Arsenal Pulp Press is publishing its third set of Queer Film Classics in 2012, including Will Aitken’s Death in Venice: A Queer Film Classic. Past titles, such as Gods and Monsters and Fire, date back to 2009. Another 12 books, including Female Trouble and Paris Is Burning, will be published by 2015.
The QFC series is co-edited by Concordia professors and acclaimed film scholars Thomas Waugh and Matthew Hays and was inspired by the British Film Institute’s BFI Film Classics series.
“Tom and I had talked a lot about the fact that many of our students didn’t seem to know much about queer film history,” Hays says. “Even very recent history seemed far off and mysterious to them. The hope was that a series like this would draw attention to films that were too often mired in obscurity.”
The QFC series is getting rave reviews. “The influential magazine Cineaste called the series ‘a brilliant innovation’ in their review, and we were just interviewed by an arts reporter from The New York Times who is doing a story on the series. So we couldn’t be happier.”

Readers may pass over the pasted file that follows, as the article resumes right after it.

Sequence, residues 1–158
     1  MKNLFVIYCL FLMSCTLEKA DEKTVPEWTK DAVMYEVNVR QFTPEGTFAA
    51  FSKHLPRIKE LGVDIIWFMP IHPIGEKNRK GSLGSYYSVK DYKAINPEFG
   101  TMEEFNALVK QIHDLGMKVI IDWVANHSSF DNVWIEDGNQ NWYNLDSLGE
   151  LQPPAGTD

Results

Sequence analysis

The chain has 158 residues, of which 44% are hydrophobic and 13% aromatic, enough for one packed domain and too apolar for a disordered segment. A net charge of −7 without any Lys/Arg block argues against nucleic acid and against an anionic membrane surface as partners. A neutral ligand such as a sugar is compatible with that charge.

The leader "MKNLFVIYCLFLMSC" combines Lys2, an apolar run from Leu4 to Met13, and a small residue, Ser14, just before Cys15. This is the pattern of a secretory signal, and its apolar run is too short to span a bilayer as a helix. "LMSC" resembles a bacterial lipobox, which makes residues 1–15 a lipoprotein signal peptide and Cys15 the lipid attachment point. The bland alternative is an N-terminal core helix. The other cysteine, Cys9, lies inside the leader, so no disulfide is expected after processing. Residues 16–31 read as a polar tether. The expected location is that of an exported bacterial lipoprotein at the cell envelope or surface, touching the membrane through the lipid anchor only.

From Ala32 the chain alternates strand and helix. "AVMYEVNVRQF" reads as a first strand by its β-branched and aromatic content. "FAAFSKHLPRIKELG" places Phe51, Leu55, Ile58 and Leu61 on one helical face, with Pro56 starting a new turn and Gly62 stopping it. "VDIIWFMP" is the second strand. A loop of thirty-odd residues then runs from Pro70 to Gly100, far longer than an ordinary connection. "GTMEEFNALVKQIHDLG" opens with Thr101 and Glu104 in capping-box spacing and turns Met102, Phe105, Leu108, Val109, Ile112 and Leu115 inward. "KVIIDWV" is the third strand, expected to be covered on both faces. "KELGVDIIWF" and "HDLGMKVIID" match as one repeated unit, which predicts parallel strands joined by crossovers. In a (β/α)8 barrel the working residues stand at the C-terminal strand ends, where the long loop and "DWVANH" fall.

Hays hopes the QFC series will draw attention to overlooked films. “We turned down a very good proposal on Brokeback Mountain — not because we don’t like the film, but rather because a lot is being written about that film already. We wanted to talk about films that weren’t already getting the attention they deserved.”
When asked if gay-themed films are still ghettoized, Hays replies, “Less so — but too often people’s reference points are Glee or The L Word. There were a lot of breakthroughs that led us to this point. It’s important to keep the long history of queer representation in mind.”